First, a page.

Good morning. Here’s our morning roundup of all the media news you need to know. Want to get this briefing in your inbox every morning? Subscribe here.
As Amazon cut prices of organic avocados and “organic responsibly farmed salmon,” it enjoyed absolutely free marketing help from the media.
It’s a reminder that news can result directly from the personal values of decision-making journalists reporting it. Values such as where some may shop, even if it’s not where most of America shops.
Whole Foods remains a tiny portion of the grocery business. And while there is no reason to underestimate visionary tech entrepreneur Jeff Bezos, coverage of Amazon’s purchase of Whole Foods, and now cuts in about 100 items, constitutes a marketing executive’s dream.
TechCrunch previously disclosed price cuts among other products. But on Monday a reporter also took a morning shopping excursion that found both regular and almond milk — and a wide assortment of cheeses — had prices lowered in addition to “cases of bottled water, frozen whole chickens, various pasta sauces and even boneless rib-eye steaks.”
The Chicago Tribune ran a Bloomberg story that detailed, “At the store on East 57th Street in Manhattan, organic fuji apples were marked down to $1.99 a pound from $3.49 a pound; organic avocados went to $1.99 each from $2.79; organic rotisserie chicken fell to $9.99 each from $13.99, and the price of some bananas was slashed to 49 cents per pound from 79 cents.”
That store is not far from Trump Tower, or about a universe from Main Street America. But, of course, your average elite New York reporter probably has been to Whole Foods more frequently than some dour mall’s Wal-Mart.
Well, if you live downtown in Manhattan, you didn’t have to make the arduous (not) trek to Midtown. That was the case for a Money magazine grocery excursion:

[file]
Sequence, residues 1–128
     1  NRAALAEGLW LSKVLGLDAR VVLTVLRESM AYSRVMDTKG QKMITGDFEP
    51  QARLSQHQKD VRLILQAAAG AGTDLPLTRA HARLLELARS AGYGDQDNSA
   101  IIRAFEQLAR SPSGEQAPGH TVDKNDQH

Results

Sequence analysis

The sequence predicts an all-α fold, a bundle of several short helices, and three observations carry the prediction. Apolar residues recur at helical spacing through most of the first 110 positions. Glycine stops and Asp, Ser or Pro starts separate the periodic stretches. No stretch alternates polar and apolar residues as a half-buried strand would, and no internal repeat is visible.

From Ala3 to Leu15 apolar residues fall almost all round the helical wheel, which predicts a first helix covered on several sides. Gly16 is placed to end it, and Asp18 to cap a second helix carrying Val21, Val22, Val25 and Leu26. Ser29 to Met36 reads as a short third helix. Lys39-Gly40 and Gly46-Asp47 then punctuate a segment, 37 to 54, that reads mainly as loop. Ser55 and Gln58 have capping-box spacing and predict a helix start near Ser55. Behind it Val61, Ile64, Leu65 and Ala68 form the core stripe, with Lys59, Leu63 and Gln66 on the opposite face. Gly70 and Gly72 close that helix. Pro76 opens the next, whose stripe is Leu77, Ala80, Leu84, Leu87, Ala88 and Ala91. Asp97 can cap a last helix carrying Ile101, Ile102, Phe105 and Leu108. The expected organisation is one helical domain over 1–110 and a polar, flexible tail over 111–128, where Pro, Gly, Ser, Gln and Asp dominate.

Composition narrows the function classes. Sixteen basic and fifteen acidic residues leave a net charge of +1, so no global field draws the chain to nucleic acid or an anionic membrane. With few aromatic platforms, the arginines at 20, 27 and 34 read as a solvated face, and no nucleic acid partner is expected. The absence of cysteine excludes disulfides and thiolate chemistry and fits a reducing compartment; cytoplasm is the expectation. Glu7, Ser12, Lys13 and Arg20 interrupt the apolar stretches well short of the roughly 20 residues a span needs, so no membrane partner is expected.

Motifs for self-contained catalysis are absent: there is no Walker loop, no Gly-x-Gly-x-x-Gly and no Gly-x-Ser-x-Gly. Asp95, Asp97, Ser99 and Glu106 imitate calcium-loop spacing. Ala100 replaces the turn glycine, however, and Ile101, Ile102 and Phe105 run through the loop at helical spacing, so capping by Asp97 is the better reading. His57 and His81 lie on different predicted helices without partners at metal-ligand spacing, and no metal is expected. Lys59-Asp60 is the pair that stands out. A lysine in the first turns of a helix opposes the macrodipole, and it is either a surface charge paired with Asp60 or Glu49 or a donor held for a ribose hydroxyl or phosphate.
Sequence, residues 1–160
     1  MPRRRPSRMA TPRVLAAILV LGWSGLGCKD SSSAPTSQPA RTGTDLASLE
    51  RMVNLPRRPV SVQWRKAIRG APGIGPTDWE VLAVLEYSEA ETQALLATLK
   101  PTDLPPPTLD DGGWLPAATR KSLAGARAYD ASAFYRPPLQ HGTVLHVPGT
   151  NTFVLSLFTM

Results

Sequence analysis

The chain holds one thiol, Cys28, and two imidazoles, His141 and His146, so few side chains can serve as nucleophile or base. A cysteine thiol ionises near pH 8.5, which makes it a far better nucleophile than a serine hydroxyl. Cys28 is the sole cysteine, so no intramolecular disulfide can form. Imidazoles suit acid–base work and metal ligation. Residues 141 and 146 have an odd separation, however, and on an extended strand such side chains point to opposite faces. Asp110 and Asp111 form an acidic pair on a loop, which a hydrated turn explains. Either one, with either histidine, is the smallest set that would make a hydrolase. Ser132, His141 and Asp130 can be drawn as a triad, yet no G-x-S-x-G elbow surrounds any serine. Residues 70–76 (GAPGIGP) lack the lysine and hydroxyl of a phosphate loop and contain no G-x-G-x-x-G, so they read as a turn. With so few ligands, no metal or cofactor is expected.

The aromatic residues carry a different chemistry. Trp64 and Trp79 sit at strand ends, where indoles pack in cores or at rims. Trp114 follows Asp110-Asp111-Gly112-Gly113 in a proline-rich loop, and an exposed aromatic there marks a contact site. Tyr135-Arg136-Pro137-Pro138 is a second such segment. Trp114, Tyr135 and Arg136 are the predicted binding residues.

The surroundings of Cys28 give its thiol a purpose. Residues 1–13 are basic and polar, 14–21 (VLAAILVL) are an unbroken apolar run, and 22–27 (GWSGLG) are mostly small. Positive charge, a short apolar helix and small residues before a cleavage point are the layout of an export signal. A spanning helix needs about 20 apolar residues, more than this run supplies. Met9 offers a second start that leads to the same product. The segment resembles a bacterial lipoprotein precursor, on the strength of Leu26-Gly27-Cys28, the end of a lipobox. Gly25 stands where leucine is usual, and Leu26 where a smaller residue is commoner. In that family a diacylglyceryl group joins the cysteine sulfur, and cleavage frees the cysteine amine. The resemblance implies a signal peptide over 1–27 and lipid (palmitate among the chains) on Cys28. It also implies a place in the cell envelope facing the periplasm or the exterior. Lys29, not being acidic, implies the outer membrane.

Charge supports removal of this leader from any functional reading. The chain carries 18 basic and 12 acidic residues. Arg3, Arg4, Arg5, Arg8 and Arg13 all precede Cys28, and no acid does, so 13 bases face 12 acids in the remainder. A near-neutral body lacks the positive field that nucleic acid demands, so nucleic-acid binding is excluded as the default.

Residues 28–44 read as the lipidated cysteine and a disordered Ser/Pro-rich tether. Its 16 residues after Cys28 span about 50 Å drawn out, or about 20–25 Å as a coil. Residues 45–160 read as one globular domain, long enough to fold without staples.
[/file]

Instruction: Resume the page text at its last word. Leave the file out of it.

“We visited the Whole Foods in New York’s Tribeca neighborhood (the closest to the Money offices) on Friday and again on Monday morning to determine what had changed. Upon walking into the store, the most noticeable change was a new pop-up display for Amazon Echo and Dot systems, which were selling for $99.99 and $44.99, respectively.”
(Meanwhile, they could have also picked up a nice three-bedroom condo in Tribeca for a mere $3 million to $7 million, according to real estate listings in The New York Times. It would thus pay to save on Amazon Echo if seeking permanent lodging in the hood.)
Reuters reported, “Boneless rib eye prices dropped to $13.99 per pound from $16.99 in downtown Los Angeles, a reduction of nearly 18 percent, while the price for “responsibly farmed” Atlantic salmon filets fell to $9.99 per pound from $13.99, down almost 29 percent.”
And it wasn’t just print folks who were curious. “NBC Nightly News” was typical of the very similar TV coverage.
Millennial-targeting Cheddar, the terrific new online business network, had its latest tale on the price cuts (focusing on promotional plans), as did Eater.com. The latter dispatched editors “in New York City, Chicago, the San Francisco Bay Area, and Austin (home of WF’s corporate headquarters) to Whole Foods locations to check prices…”
Yes, yes, the price of Organic baby kale was down 13 percent and organic responsibly farmed tilapia was down 33 percent.
But, if Gallup is correct, that’s not as steep a decline as positive views of Republicans toward the media. If Whole Foods prices went south that fast, even I would cast aside my parsimonious ways and shop there.
Clock ticks for Google
“Google faces a Tuesday deadline to tell the European Union how it plans to comply with an order to stop discriminating against rival shopping search services under threat of new fines that would add to a record 2.4 billion-euro ($2.9 billion) penalty.” (Bloomberg)
Revenge of the banner ads?
“After eschewing banner ads for years, BuzzFeed is finally embracing them.” (Business Insider)
“BuzzFeed will introduce display ads that will be bought and sold using third-party ad technology on a global basis. The move is a bid to tap into its scale and monetize its owned-and-operated platforms more effectively.”
“Specifically, the media company will let advertisers run display ads on its properties through the Facebook Audience Network and the Google DoubleClick Ad Exchange that will appear on its homepage, story pages, and mobile apps.”
Houston v. Trump
Opening her show, Rachel Maddow discussed Houston and how “it’s hard to overestimate the magnitude of the news” on the city. Well, it wasn’t that hard, at least last evening for the 29 subsequent minutes (from 9:03 to 9:32 p.m.) as she strung together the latest very curious developments broken by The New York Times and Washington Post on the Trump-Russia relationship.